‘Yes, but you’re as nice as you look,’ There was an admiring gaze on her face.
Donna felt uncomfortable about being held in such high regard, fearing she may not be able to live up to it.
Over the next couple of weeks Donna attended several interviews and to her surprise a few days later, as they sat at the breakfast table, Mrs Lacey came in with the post and handed Donna an official looking letter. She hurriedly opened it and exclaimed, ‘Hey, you never guess what!’
‘What is it?’ Evan beamed having seen how delighted Donna looked.
‘I’ve been offered a job at Dexford Road Primary School as a Catering Assistant. Twenty hours a week, mornings, and the pay isn’t too bad either. What do you think of that?’
‘Wow, that’s wonderful news,’ Mrs Lacey commented.
‘Brilliant, congratulations,’ Evan laughed, putting his arm round her and squeezing her shoulder.
‘Glad it’s only part-time,’ Theresa said in a sort of reserved disappointed way. ‘Maybe you can still keep me company in the afternoons.’
‘Of course I will. I’ll only be working from nine-thirty to one-thirty, so my afternoons are all yours.’ Donna widened her eyes.
‘Only, I need your feedback for my music.’
‘Don’t worry, you’ll get it.’ This seemed to hearten Theresa.
‘So when do you start love?’ Mrs Lacey asked.
‘Two weeks today.’
‘That’s only a week before my concert. Wish you could start after that.’
‘Theresa, I do too but I haven’t got any choice. Either I start then or I don’t get the job. But honestly, when I’m here, I’ll support you any way I can. Now stop fretting.’
‘Sorry. It’s just that I feel so much better when you’re around.’
‘But I’m not doing anything, except to encourage you, pet. Hey, I heard some of your music on a local radio station earlier. Can’t believe how well it’s all going. Everyone was praising it. You know, I reckon you could get yourself a record contract if you’ve a mind.’
‘You really think so?’
‘Wait until after the concert, the offers will come flooding in,’ Donna nodded to her.
‘Wouldn’t that be fantastic sis?’ Evan was obviously trying to imagine what it would be like. ‘Being number one in the charts would be awesome.’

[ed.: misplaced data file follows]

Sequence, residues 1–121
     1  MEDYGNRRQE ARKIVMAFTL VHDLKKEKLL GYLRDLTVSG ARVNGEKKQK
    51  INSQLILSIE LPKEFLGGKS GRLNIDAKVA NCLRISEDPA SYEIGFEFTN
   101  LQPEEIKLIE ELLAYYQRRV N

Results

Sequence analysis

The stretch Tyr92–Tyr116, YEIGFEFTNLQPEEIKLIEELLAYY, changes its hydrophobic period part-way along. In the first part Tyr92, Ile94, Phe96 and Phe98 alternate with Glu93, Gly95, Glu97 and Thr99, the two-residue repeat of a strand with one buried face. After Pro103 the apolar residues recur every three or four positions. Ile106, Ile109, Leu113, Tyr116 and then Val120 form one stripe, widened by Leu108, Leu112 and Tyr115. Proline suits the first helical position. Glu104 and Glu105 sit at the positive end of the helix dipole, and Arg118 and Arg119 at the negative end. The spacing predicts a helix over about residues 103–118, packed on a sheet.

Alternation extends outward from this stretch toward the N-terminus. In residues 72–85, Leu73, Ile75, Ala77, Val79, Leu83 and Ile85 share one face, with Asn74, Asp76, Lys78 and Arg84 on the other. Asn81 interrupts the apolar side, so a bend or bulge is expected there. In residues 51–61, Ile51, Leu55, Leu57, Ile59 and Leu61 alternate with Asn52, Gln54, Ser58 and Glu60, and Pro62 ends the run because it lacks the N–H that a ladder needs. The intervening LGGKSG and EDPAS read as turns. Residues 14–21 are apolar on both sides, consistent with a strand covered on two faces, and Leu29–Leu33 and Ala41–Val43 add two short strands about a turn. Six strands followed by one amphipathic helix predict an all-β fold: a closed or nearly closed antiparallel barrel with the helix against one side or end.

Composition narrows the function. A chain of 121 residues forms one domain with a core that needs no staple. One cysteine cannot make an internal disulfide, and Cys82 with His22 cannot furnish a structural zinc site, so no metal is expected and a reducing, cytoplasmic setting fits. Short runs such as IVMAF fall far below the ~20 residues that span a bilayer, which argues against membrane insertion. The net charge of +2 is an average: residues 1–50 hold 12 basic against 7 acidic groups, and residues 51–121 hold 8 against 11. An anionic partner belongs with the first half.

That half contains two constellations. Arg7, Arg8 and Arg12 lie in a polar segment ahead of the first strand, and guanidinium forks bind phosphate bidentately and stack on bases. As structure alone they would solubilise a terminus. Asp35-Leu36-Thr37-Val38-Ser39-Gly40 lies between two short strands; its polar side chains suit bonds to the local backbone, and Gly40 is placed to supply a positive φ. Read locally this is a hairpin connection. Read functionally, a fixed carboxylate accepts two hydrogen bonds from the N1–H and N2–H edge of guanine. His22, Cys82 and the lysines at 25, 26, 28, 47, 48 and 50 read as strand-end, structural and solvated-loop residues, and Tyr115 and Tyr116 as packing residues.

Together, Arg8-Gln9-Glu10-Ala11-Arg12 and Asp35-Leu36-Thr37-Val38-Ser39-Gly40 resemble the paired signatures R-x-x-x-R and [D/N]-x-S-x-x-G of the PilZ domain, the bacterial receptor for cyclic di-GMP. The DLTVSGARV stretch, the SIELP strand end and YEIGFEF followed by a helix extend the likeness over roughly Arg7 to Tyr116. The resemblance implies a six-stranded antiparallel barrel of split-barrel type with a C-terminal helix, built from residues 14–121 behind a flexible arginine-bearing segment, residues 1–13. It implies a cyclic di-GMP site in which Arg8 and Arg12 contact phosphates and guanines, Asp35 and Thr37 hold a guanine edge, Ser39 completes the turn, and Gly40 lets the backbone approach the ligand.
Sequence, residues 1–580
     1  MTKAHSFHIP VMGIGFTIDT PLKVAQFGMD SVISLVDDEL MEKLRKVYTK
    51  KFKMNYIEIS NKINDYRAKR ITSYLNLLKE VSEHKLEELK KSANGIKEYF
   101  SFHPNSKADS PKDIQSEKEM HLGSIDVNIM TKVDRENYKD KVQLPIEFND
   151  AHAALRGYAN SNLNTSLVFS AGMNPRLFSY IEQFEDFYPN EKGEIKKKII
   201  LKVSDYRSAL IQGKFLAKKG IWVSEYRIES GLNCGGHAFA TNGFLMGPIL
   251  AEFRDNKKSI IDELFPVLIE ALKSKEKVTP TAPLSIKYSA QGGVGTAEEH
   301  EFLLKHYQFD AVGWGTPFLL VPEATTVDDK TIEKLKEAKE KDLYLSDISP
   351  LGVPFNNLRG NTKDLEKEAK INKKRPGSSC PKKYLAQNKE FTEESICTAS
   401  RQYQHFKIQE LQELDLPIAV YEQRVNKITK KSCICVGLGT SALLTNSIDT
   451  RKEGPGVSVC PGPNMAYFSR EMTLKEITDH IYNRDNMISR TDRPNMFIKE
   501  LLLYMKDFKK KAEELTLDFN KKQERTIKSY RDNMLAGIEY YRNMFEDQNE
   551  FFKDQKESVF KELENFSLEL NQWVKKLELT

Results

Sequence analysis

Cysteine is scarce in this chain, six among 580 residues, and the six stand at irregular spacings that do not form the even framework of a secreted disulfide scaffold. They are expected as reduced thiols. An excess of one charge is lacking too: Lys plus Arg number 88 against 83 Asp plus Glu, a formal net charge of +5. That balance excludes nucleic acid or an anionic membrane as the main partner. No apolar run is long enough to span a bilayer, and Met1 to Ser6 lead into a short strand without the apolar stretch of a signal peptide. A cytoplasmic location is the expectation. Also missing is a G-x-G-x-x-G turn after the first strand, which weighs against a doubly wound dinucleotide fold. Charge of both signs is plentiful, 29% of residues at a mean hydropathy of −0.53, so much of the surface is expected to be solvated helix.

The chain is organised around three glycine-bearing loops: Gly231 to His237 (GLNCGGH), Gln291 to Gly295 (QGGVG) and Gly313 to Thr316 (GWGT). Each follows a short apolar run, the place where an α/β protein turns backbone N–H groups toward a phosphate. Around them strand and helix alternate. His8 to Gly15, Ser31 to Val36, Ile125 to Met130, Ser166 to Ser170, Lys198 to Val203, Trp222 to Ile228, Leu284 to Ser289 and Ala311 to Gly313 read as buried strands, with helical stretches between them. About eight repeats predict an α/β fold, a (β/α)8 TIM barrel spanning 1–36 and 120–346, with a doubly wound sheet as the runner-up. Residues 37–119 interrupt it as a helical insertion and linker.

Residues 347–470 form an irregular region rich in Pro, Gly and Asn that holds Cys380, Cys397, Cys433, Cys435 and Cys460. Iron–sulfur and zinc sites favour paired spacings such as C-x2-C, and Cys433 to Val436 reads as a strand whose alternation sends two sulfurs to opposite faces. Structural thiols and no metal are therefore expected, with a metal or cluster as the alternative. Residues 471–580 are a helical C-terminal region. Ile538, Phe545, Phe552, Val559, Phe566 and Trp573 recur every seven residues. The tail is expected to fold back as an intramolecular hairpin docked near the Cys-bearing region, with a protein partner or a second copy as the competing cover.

Theresa seemed starry eyed, with her head in the clouds, hoping no doubt that success would be all she imagined it to be.
The Friday afternoon before the concert Donna had just returned from work.
‘Come and sit down, and tell me how your day’s been,’ Theresa said.
‘Still pretty nerve racking, but as the week’s gone on, I’ve felt a bit better. The kids have been fine, although they can be little devils when they want to be, make no mistake.’
‘Do you think you’ll like it there?’
‘It should be all right. The more I get into it, the more confident I’ll be. The teachers and kitchen staff have been so supportive - that’s what’s made the difference for me.’
‘I’m happy for you Donna, you deserve it.’
‘And how about you? Do you feel all right? Are you looking forward to the concert tomorrow night?’
Theresa shuffled uncomfortably on the sofa. It appeared she was experiencing a few jitters, but who could blame her?
‘I want to play my music to people but I feel so self-conscious and nervous. Oh God Donna, what if I freeze out there on the stage? That’s my biggest fear. I’ve got to tell myself I’ll be fine once I start to play. I’m so glad you, Evan, and mum will be out there at the front of the audience. If I keep looking at you, maybe I can pull it off.’
‘We’ll all be egging you on. You’ll be a sensation, I promise you,’ Donna said trying her best to encourage her.